The Boys of Biltmore Go eBay — Almost
“Have you written your column yet?” Leigh Ann asked on Sunday afternoon as we were driving over to our local Ace Hardware store.
“No,” I explained, “but I’m expected something extraordinary to happen any minute now.”
Now, turning me loose in an Ace Hardware store on a Sunday afternoon is almost guaranteed to give someone a story to tell (“The strangest man came up to me in the store today,” she said to her family over dinner.), as my list of restoration projects is apt to have me looking for black o-rings, braided lamp cord, tiny slotted brass set screws, #1200 grit wet-dry sandpaper, dark paste wax, and a thin sheet of cork.
And my list never stumps the Ace employees. (“That’s a fine threaded, quarter-inch, #28 machine screw,” he announced taking the rusted blob of metal from my outstretched hand. “Need it in brass or zinc?”)
But, as it turned out, the surprise of the day came not on my little journey to Ace Hardware but back home, as I checked my late afternoon emails. There I discovered a message from a friend, along with four photographs she had been emailed of a carved wooden bowl decorated with oak leaves and acorns. I knew immediately it had been made between 1905-1915 here in Asheville by one of the woodcarvers at Biltmore Industries.
This small cottage Arts and Crafts industry had been founded and supported by George and Edith Vanderbilt to train young area men in the craft of woodworking and woodcarving. Their assortment of carved walnut bookends, candlesticks, picture frames, bowls, letter openers, and an occasional piece of furniture was sold both to Asheville residents and to traveling tourists, which explained why the bowl pictured in my friend’s email had showed up in an estate sale in southern California.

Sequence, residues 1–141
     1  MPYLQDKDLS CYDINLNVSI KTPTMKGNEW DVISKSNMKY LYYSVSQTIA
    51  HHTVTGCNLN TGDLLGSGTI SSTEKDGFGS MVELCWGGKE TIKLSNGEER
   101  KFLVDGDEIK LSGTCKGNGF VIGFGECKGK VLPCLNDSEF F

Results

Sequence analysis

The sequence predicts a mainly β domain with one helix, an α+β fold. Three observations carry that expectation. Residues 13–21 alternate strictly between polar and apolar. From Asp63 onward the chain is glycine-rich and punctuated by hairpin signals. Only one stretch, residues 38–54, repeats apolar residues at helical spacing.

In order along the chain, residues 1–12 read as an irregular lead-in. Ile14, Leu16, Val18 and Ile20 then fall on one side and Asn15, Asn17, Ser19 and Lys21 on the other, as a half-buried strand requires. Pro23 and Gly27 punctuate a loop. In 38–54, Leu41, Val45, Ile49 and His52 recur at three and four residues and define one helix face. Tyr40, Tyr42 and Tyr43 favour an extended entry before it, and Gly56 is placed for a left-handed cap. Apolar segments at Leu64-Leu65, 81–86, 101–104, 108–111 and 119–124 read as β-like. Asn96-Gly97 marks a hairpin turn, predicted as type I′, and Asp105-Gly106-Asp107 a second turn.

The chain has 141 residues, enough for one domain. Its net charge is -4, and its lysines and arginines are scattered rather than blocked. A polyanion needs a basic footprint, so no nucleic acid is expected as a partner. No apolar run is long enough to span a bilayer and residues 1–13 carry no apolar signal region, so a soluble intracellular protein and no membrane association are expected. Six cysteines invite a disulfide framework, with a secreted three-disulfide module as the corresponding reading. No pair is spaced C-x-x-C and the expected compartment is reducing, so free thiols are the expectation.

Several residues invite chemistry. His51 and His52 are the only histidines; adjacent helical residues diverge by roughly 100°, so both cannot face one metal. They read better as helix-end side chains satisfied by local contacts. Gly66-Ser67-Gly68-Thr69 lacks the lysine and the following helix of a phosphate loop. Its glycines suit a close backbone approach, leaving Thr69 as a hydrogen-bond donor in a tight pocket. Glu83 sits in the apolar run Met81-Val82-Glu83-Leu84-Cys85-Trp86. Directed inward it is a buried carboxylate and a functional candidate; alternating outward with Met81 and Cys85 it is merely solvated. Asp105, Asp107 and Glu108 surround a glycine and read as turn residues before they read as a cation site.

Now in my younger days, my motto was “If it’s brown, buy it,” but as my hair has grayed and my house has filled, I have become far more selective, more apt to buy green pots rather than brown furniture. However, the deep, detailed carving and the Asheville connection of this wandering walnut bowl quickened my heart rate, and I started tracking down the thread of afternoon emails.
As I soon learned, the Biltmore Industries bowl had been found at an estate sale by a woman who makes a very impressive living selling her discoveries on eBay. That was where the bowl was headed, just before she decided to do a little research into the branded Biltmore Industries mark on the bottom.
A quick Google search led her to Biltmore Industries, which still exists in Asheville as five restored Arts and Crafts buildings nestled on a pine-covered hillside next to the famed Grove Park Inn, site of the 28th National Arts and Crafts Conference and Shows in February. Today the historic buildings are home to a delightful café, an Arts and Crafts museum, an antique automobile museum with Roycroft chandeliers, the award winning Grovewood Gallery, and, quite naturally, workshops for talented artisans: art potters, woodworkers, stained glass artists, bookbinders, and makers of musical instruments.
One connection led to another and within a few hours the woman and I were chatting away, exchanging stories about estate sales and shopmarks, history and collecting, and houses brimming with stuff. By the end of our conversation I had managed to nearly ruin the chicken I had put on the grill just before my cell phone rang, and she had decided to send the Biltmore Industries bowl back to Asheville and my home rather than post it on eBay.
Hundred-year old bowls, internet searches, digital cameras, emails, and cell phones.
What a fascinating combination.
Until next Monday,
As Frank Lloyd Wright advised: Embrace technology – and use it to your advantage.
Top: A branded Biltmore Industries shopmark.
Middle: Detail of a carved bowl.
Lower: One of the five Biltmore Industries buildings today.